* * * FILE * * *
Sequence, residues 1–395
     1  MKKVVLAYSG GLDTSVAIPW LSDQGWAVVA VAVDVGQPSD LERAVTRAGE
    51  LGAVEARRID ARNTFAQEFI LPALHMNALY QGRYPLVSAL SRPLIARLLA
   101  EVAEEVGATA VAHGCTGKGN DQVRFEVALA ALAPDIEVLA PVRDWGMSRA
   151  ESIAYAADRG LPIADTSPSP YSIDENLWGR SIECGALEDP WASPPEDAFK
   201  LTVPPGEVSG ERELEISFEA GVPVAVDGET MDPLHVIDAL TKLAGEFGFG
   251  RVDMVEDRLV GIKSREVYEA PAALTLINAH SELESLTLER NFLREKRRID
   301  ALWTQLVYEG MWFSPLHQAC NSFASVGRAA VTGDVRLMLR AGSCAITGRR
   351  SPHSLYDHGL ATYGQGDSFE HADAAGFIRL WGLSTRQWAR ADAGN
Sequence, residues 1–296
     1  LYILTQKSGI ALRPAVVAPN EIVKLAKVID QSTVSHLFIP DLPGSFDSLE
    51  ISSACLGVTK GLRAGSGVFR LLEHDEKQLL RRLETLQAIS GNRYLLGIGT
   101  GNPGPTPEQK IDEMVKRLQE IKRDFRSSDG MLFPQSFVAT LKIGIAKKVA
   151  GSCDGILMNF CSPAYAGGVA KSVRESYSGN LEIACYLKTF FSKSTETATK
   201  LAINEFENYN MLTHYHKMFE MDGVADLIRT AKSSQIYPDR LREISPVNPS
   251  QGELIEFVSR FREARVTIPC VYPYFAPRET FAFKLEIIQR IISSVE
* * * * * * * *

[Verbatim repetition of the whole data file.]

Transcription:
Sequence, residues 1–395
     1  MKKVVLAYSG GLDTSVAIPW LSDQGWAVVA VAVDVGQPSD LERAVTRAGE
    51  LGAVEARRID ARNTFAQEFI LPALHMNALY QGRYPLVSAL SRPLIARLLA
   101  EVAEEVGATA VAHGCTGKGN DQVRFEVALA ALAPDIEVLA PVRDWGMSRA
   151  ESIAYAADRG LPIADTSPSP YSIDENLWGR SIECGALEDP WASPPEDAFK
   201  LTVPPGEVSG ERELEISFEA GVPVAVDGET MDPLHVIDAL TKLAGEFGFG
   251  RVDMVEDRLV GIKSREVYEA PAALTLINAH SELESLTLER NFLREKRRID
   301  ALWTQLVYEG MWFSPLHQAC NSFASVGRAA VTGDVRLMLR AGSCAITGRR
   351  SPHSLYDHGL ATYGQGDSFE HADAAGFIRL WGLSTRQWAR ADAGN
Sequence, residues 1–296
     1  LYILTQKSGI ALRPAVVAPN EIVKLAKVID QSTVSHLFIP DLPGSFDSLE
    51  ISSACLGVTK GLRAGSGVFR LLEHDEKQLL RRLETLQAIS GNRYLLGIGT
   101  GNPGPTPEQK IDEMVKRLQE IKRDFRSSDG MLFPQSFVAT LKIGIAKKVA
   151  GSCDGILMNF CSPAYAGGVA KSVRESYSGN LEIACYLKTF FSKSTETATK
   201  LAINEFENYN MLTHYHKMFE MDGVADLIRT AKSSQIYPDR LREISPVNPS
   251  QGELIEFVSR FREARVTIPC VYPYFAPRET FAFKLEIIQR IISSVE